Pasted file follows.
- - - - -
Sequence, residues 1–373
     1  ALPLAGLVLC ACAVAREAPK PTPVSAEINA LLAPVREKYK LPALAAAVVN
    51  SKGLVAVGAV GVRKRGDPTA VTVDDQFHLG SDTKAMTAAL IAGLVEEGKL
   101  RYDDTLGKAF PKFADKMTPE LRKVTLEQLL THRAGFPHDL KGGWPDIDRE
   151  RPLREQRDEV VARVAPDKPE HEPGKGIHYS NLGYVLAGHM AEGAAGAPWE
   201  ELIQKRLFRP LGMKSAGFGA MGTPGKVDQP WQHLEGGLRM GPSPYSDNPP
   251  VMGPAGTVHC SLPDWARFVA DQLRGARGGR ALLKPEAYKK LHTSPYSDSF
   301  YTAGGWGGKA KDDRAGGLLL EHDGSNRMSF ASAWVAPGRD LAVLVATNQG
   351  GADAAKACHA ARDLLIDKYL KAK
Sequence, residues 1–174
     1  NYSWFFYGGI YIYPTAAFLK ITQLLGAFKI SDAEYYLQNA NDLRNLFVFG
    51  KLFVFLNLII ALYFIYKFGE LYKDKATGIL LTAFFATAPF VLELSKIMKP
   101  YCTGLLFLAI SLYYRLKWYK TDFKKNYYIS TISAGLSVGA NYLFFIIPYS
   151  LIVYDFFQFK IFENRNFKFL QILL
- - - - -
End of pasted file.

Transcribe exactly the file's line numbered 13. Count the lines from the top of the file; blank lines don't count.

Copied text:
   101  YCTGLLFLAI SLYYRLKWYK TDFKKNYYIS TISAGLSVGA NYLFFIIPYS